The current study focused on how the overall health and wellness of working adult employees at three worksites in Arizona - Northern Arizona University (NAU), Flagstaff Medical Center (FMC), and HCIC (Health Choice Integrated Care) - were impacted by 9 weeks of nutrition education. Following 6 hours of introductory education, weekly meetings took place for one hour, once per week for nine consecutive weeks. The educational sessions informed the participants on how to implement a mNDPR diet style along with discussion of other lifestyle behaviors. Pre- and post-intervention wellness factors were measured by the following self-reported survey tools: Gastroesophageal Reflux Disease (GERDQ), Quality of Life Index (QLI), Patient Health Questionnaire-9 (PHQ-9), Pittsburgh Sleep Quality Index (PSQI), and Work Productivity and Activity Impairment (WPAI). In addition, pre- and post-intervention anthropometric measurements were made of Systolic Blood Pressure (SBP); Diastolic Blood Pressure (DBP); height; weight; waist and hip circumference, and body mass index (BMI). This intervention was centered upon the Health Belief Model that theorizes individuals will take action when they believe they can successfully avoid or alter a negative health condition. In other words, when an individual feels they have the capability to influence a positive health outcome, they are more likely to alter their personal behavior . In an effort to provide a base for long-term adherence we also introduced components from the Theory of Planned Behavior to assess the effectiveness of perceived behavioral control .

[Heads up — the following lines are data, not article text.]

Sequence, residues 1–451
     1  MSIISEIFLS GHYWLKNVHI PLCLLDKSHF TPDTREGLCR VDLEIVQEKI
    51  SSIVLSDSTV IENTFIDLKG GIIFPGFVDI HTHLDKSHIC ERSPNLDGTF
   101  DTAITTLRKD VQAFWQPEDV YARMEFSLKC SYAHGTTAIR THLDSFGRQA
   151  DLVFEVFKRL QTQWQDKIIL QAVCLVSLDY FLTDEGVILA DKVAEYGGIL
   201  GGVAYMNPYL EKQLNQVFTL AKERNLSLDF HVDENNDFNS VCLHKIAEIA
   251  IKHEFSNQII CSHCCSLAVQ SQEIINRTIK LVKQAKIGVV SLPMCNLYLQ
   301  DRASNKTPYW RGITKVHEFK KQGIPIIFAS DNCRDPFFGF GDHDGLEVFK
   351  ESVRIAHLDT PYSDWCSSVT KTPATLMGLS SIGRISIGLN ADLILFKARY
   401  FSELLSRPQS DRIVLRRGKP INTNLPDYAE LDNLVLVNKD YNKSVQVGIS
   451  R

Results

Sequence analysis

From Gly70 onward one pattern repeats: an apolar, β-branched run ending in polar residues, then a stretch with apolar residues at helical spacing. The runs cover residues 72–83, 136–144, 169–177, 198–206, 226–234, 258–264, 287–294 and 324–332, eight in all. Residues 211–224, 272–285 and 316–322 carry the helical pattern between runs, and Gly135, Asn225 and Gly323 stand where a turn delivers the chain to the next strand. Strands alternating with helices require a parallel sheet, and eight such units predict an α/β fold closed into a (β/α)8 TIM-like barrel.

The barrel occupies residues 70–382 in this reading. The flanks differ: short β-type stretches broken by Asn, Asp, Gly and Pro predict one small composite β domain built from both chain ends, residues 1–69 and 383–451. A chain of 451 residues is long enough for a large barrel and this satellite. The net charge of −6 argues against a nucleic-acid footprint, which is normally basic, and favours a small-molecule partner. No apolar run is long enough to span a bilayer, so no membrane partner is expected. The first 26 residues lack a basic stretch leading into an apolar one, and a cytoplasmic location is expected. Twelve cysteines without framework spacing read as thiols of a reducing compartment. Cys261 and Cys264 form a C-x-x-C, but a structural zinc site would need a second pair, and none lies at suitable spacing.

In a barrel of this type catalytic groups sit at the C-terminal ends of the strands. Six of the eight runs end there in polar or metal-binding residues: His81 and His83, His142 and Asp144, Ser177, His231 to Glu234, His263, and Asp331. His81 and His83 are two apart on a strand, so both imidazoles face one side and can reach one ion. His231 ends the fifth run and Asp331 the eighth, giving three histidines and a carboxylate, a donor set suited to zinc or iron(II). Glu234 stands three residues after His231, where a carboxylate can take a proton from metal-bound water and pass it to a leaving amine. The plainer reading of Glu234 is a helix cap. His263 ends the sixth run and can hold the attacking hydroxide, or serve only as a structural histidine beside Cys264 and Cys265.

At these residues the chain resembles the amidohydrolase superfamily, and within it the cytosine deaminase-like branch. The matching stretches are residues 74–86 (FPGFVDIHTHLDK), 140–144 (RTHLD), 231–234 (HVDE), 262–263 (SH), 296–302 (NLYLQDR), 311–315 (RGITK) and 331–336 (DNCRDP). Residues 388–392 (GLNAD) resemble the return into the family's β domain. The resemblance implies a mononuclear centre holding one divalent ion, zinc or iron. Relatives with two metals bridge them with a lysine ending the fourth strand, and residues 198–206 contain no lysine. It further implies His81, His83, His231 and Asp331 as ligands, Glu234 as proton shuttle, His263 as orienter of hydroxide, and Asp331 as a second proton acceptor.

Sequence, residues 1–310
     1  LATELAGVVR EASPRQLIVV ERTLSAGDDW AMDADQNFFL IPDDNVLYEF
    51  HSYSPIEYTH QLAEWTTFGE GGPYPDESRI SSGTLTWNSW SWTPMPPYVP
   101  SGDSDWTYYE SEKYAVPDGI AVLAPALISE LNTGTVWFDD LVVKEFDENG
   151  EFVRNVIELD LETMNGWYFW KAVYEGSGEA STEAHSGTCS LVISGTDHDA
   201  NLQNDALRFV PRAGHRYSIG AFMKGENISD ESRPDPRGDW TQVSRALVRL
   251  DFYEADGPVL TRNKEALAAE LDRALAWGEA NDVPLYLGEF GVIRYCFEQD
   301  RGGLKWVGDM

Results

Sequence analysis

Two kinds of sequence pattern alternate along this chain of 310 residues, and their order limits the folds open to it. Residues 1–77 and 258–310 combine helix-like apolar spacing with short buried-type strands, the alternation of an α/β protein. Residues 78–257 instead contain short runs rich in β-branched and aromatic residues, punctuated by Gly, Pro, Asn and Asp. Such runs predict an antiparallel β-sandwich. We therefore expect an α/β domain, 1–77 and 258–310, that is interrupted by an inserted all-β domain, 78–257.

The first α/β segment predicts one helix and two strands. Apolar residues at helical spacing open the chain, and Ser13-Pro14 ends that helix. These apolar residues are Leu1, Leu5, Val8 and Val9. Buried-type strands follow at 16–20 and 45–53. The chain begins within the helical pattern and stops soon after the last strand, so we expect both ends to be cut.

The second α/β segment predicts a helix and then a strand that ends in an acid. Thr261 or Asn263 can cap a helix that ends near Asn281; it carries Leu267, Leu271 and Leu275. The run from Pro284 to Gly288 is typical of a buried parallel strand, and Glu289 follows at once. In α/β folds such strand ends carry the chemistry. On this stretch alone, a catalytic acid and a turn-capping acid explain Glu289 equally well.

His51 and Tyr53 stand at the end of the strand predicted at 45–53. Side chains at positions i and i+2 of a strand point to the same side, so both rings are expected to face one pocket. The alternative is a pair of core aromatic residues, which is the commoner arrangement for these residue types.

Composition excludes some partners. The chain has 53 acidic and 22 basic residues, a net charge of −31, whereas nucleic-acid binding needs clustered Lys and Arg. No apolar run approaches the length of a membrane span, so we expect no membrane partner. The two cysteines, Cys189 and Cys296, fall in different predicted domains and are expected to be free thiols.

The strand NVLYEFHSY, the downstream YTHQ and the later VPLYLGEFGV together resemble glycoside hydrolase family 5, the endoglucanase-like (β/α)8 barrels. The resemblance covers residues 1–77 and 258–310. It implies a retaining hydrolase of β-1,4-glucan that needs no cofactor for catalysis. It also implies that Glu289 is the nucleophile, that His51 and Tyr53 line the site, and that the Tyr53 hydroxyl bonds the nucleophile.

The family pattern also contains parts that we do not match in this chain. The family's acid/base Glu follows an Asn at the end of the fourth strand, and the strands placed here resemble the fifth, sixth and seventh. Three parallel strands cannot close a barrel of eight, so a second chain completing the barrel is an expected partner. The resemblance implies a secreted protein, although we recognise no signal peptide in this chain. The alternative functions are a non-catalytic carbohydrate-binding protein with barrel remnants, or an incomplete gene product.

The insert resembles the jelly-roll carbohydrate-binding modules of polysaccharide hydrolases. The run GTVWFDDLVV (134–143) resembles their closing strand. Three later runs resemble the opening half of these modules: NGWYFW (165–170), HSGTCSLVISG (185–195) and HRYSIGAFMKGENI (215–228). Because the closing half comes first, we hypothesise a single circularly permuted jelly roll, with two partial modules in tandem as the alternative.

Individuals who met the following criteria were invited to participate: employee, spouse, or adult dependent of an employee at NAU, FMC, or HCIC; 18-80 years of age; self-reported body mass index (BMI) of 28 or greater; self-reported waist circumference >35” for females and >40” for males; ready and willing to make a lifestyle change; not currently participating in a weight-loss program; and not taking any medications that could increase medical risk or that had weight loss as a primary side effect. Participants were recruited through electronic messaging, fliers and website promotion by the Northern Arizona University (NAU) Department of Employee Assistance and Wellness (EAW), Northern Arizona Healthcare (NAH) lifepath, and Health Choice Integrated Care (HCIC). The protocol and study design were approved by the NAH Institutional Review Board (IRB) and all participants provided written informed consent.
There were a total of 51 participants of which 78.4 percent were female; 70.6 percent Caucasian, 15.7 percent Native American, 9.8 percent Hispanic, 2.0 percent Asian and 2.0 percent Black. The age ranged from 30 years to 67 years with the mean age of 47.7, SD 10.1, and a median age of 47 years. Information regarding whether participants were employee, spouse, or dependent was only available for 35 participants. Of these, 86 percent were employees.